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Title: Socioeconomic effects of operating reactors on two host communities: a case study of Pilgrim and Millstone

Abstract

This exploratory case study examines the social, economic, and political/institutional impacts of two operating nuclear power complexes on two New England communities. This work is one of a series planned to broaden knowledge of the effects of large energy generating facilities upon the social structure of local communities. Its primary objectives are to investigate and assess social and economic impacts resulting from construction and operation of nuclear power plants and to generate hypotheses about such impacts for future testing. The study concludes that construction impacts were minor due to a dispersed commuting pattern by construction workers and that the only significant construction impact that can be identified retrospectively is construction-worker traffic. The primary impact of the nuclear power plants in both communities was the massive increase in property tax payments paid to the local communities by the utilities and the option chosen by each community to maintain the existing tax rate while using the additional revenue to significantly increase and enhance the public service delivery systems and facilities within the community. Second-order consequences of the direct, first-order economic impact were: (1) changes in community land use policies, (2) increase in salience of growth issues, and (3) alteration of both inter-more » and intra-community relationships. The majority of residents in both communities express favorable attitudes toward the nuclear plants, primarily because of the substantial increase in the tax base of their communities.« less

Authors:
Publication Date:
Research Org.:
Oak Ridge National Lab., Tenn. (USA)
OSTI Identifier:
7264283
Report Number(s):
CONF-760722-1
TRN: 08-019401
DOE Contract Number:  
W-7405-ENG-26
Resource Type:
Conference
Resource Relation:
Conference: Conference on land use and nuclear facility siting: current issues, Denver, CO, USA, 18 Jul 1976
Country of Publication:
United States
Language:
English
Subject:
22 GENERAL STUDIES OF NUCLEAR REACTORS; 21 SPECIFIC NUCLEAR REACTORS AND ASSOCIATED PLANTS; 29 ENERGY PLANNING, POLICY AND ECONOMY; MILLSTONE-1 REACTOR; SOCIO-ECONOMIC FACTORS; PILGRIM-1 REACTOR; COMMUNITIES; REGIONAL ANALYSIS; BWR TYPE REACTORS; ENRICHED URANIUM REACTORS; POWER REACTORS; REACTORS; THERMAL REACTORS; WATER COOLED REACTORS; WATER MODERATED REACTORS; 220501* - Nuclear Reactor Technology- Environmental Aspects- Siting; 210800 - Nuclear Power Plants- Economics; 210100 - Power Reactors, Nonbreeding, Light-Water Moderated, Boiling Water Cooled; 290600 - Energy Planning & Policy- Nuclear Energy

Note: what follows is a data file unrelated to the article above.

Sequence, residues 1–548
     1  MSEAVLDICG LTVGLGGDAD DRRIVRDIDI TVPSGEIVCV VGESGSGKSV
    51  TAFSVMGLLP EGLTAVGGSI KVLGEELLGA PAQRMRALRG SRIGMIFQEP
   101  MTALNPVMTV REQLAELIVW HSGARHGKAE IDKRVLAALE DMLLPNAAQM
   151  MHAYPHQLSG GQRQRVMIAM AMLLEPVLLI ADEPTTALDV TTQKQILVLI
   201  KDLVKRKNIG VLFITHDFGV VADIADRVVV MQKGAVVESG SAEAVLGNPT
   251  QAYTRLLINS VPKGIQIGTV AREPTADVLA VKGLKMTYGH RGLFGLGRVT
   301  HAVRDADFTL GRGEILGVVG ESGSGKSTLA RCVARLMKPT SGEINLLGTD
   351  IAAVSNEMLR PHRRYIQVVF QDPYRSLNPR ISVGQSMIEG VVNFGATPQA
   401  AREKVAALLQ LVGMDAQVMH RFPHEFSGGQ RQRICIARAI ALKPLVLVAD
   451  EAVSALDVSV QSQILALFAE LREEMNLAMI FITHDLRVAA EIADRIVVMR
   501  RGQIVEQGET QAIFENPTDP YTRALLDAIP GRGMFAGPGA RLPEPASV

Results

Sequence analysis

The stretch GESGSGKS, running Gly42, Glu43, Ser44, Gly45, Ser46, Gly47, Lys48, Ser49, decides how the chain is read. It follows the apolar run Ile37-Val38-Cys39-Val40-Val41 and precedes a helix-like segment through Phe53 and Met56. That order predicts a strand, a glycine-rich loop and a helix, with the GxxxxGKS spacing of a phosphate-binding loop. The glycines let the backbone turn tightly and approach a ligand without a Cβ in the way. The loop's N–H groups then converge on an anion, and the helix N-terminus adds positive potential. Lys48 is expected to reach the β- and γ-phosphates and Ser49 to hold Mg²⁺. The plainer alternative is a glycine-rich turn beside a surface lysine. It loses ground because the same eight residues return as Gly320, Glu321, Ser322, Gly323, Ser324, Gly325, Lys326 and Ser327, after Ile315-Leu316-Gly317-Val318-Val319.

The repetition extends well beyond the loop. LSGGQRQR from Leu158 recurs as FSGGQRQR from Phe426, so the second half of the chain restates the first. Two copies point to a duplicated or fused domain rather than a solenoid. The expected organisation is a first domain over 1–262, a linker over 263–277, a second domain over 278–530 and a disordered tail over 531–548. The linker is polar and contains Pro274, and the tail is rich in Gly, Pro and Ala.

Citation Formats

Peelle, E. Socioeconomic effects of operating reactors on two host communities: a case study of Pilgrim and Millstone. United States: N. p., 1976. Web.
Peelle, E. Socioeconomic effects of operating reactors on two host communities: a case study of Pilgrim and Millstone. United States.
Peelle, E. Thu . "Socioeconomic effects of operating reactors on two host communities: a case study of Pilgrim and Millstone". United States. https://www.osti.gov/servlets/purl/7264283.
@article{osti_7264283,
title = {Socioeconomic effects of operating reactors on two host communities: a case study of Pilgrim and Millstone},
author = {Peelle, E},
abstractNote = {This exploratory case study examines the social, economic, and political/institutional impacts of two operating nuclear power complexes on two New England communities. This work is one of a series planned to broaden knowledge of the effects of large energy generating facilities upon the social structure of local communities. Its primary objectives are to investigate and assess social and economic impacts resulting from construction and operation of nuclear power plants and to generate hypotheses about such impacts for future testing. The study concludes that construction impacts were minor due to a dispersed commuting pattern by construction workers and that the only significant construction impact that can be identified retrospectively is construction-worker traffic. The primary impact of the nuclear power plants in both communities was the massive increase in property tax payments paid to the local communities by the utilities and the option chosen by each community to maintain the existing tax rate while using the additional revenue to significantly increase and enhance the public service delivery systems and facilities within the community. Second-order consequences of the direct, first-order economic impact were: (1) changes in community land use policies, (2) increase in salience of growth issues, and (3) alteration of both inter- and intra-community relationships. The majority of residents in both communities express favorable attitudes toward the nuclear plants, primarily because of the substantial increase in the tax base of their communities.},
doi = {},
journal = {},
number = ,
volume = ,
place = {United States},
year = {1976},
month = {1}
}

Conference:
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